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CASE STUDY:
Artscape Wychwood Barns

Toronto, Ontario, Canada

Barn Raising: A former transportation facility is reinvented to serve its community in a whole new way.

January 2011
du Toit Architects Limited/du Toit Allsopp Hillie (DTAH)

By Beth Broome

Once an active transit hub at the western terminus of Canada’s Toronto Civic Railways (TCR), the five parallel streetcar storage and maintenance barns comprising the St. Clair Carhouse fell into disrepair after being decommissioned and abandoned in 1985. The story of the facility’s revival as Artscape Wychwood Barns, a neighborhood arts and cultural center surrounded by the single-family residences of Toronto’s 21st Ward, offers multiple lessons in the value of adaptive reuse and sustainable design, historic preservation, and community engagement.

The former streetcar maintenance and storage barns house a variety of programs and are surrounded by a public park.
Photo © Tom Arban
The former streetcar maintenance and storage barns house a variety of programs and are surrounded by a public park.

Artscape Wychwood Barns Photo Beth Broome

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KEY PARAMETERS
Location Toronto, Ontario, Canada (Northwest shore of Lake Ontario)
Gross area 4.7 acre site; 53,627 ft2 (4,982 m2)
Cost $14.1 million
Completed November 2008
Annual purchased energy use (based on utility bills) 60 kBtu/ft2 (688 MJ/m2) 44% reduction from base case
Annual carbon footprint 8.9 lbs. CO2/ ft2 (43 kg CO2/m2)
Program Live and work studios, office spaces, rehearsal/performance space, public baths, greenhouse, meeting spaces, garden, public court, and compost demonstration area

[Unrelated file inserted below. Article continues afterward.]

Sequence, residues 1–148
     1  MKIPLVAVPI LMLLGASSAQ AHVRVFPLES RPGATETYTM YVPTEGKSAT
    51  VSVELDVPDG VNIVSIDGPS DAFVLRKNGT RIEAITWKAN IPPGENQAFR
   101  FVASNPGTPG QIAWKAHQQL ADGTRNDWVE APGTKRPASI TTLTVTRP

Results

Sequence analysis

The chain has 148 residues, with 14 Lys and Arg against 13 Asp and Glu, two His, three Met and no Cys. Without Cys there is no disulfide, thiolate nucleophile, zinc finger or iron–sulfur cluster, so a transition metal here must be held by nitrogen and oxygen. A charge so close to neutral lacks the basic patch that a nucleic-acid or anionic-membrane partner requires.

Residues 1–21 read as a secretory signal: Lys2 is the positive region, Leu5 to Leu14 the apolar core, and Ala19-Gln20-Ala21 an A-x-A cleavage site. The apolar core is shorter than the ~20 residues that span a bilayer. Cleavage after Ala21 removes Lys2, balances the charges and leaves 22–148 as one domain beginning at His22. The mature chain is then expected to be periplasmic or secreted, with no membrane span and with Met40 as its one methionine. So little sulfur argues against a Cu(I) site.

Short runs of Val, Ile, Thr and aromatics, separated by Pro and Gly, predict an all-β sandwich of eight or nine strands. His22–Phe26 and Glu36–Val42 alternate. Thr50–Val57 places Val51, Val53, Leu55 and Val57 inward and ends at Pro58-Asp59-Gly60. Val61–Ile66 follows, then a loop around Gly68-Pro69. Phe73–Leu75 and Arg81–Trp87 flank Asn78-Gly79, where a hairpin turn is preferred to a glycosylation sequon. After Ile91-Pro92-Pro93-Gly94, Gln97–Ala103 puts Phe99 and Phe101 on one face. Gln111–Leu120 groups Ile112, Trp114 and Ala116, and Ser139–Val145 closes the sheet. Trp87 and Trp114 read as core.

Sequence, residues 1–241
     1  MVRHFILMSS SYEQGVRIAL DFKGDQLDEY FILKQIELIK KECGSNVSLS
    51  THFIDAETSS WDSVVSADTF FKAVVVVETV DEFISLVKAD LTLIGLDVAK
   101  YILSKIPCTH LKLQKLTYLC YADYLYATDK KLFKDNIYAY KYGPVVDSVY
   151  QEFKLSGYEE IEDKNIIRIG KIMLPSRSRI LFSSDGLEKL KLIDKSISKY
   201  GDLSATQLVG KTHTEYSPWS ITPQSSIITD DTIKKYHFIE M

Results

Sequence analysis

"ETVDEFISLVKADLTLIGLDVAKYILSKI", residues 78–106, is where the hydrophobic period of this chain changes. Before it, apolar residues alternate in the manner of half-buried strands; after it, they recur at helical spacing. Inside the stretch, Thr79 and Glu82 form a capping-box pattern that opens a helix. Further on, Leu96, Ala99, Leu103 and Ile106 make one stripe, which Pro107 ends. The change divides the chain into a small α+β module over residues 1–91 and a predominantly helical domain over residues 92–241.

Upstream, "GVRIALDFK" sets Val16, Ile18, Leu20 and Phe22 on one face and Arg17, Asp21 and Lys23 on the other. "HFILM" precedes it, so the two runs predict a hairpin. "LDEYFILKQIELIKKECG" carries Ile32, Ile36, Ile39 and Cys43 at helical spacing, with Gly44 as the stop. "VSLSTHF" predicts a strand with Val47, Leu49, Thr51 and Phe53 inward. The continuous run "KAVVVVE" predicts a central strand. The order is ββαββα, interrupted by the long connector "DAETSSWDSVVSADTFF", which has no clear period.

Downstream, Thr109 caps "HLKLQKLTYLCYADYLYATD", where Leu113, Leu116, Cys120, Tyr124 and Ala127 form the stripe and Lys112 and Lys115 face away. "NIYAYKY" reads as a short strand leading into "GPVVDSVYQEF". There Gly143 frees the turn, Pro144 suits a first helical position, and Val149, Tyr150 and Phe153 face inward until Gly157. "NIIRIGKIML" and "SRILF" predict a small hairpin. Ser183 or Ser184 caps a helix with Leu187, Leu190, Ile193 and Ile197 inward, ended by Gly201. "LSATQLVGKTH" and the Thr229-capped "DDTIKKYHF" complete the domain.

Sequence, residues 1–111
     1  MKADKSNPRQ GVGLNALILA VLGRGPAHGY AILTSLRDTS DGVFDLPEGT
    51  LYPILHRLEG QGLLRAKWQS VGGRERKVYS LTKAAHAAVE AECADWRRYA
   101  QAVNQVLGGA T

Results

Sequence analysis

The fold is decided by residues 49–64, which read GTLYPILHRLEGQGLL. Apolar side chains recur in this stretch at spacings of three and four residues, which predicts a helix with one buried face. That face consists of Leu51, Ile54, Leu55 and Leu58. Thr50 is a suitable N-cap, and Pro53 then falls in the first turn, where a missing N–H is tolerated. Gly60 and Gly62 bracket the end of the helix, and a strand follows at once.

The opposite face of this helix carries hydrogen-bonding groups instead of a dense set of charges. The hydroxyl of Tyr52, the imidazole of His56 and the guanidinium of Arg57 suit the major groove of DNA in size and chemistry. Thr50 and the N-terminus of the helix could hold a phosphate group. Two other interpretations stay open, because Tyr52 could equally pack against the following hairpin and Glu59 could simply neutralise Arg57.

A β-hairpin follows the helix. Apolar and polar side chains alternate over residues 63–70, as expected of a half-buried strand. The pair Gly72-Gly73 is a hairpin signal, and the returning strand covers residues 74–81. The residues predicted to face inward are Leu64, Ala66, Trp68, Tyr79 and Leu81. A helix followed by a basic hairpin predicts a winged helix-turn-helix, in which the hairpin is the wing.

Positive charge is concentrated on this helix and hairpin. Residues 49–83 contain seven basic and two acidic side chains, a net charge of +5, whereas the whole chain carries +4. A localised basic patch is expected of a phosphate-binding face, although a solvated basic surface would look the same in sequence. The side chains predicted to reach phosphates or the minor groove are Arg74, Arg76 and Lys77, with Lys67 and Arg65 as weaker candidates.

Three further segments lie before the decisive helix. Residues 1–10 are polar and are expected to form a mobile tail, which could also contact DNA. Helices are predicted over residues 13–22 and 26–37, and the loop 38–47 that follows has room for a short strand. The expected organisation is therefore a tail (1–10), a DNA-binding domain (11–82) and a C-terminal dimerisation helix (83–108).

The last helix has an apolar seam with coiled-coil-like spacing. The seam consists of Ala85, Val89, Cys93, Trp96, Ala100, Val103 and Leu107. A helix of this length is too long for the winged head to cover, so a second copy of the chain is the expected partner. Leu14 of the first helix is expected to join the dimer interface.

Click to enlarge
   
Sky Conditions   Temp./Dew Points   Heating/Cooling

TEAM
Owner Artscape
Architect and interior designer du Toit Architects
Limited/du Toit Allsopp Hillie (DTAH)
Commissioning, energy, lighting, environmental Stantec Consulting
Engineers Stantec Consulting (mechanical/electrical/LEED); Blackwell Bowick Partnership (structural)
Heritage consultants ERA Architects
Landscape The Planning Partnership
Acoustical Swallow Acoustic Consultants Ltd.
Greenhouse consultant Michael Dixon
Public interface Gottschalk + Ash International
Traffic BA Group
General contractor Dalton

Sources
Glazing Alumicor (aluminum windows); Rogers Greenhouse (greenhouse)
Skylights Slimlite; Velux
Sidings Renew Resources “Polyboard” recycled plastic
Roofing Duro-Last White membrane
HVAC Enerboss, Nu-Air ventilation fan coil units
Geothermal Geosmart Solutions Inc.
Insulation/air barrier Polyurethane Foam Systems
Polarfoam PF-7300-0 SOYA
Millwork (cabinetry) Uniboard Panval
Tile Daltile
Door hardware Trillium Architectural Products
Washroom partitions Bobrick Sierra Series
Elevator Federal Elevator
Lighting RAB Design
Controls White-Rodgers
Building controls BAS Building Controls
Plumbing Acorn Meridian Series; American
Standard; Kindred; Caroma

The TCR constructed the barns on the 4.3-acre site between 1913 and 1921 as the city and its urban railway grew. As the role of streetcar transit diminished, the Toronto Transportation Commission (which succeeded the TCR) closed the facility and, soon after, it became the subject of debate as the neighborhood struggled with what to do with the property. An effort to remediate the brownfield site was spearheaded by Artscape, a nonprofit arts-based developer, and the City of Toronto. It faced civic and community opposition, but after 10 years resulted in a 60,000-square-foot amenity, surrounded by a city park, which provides affordable housing, office and studio space for nonprofits and a host of public facilities.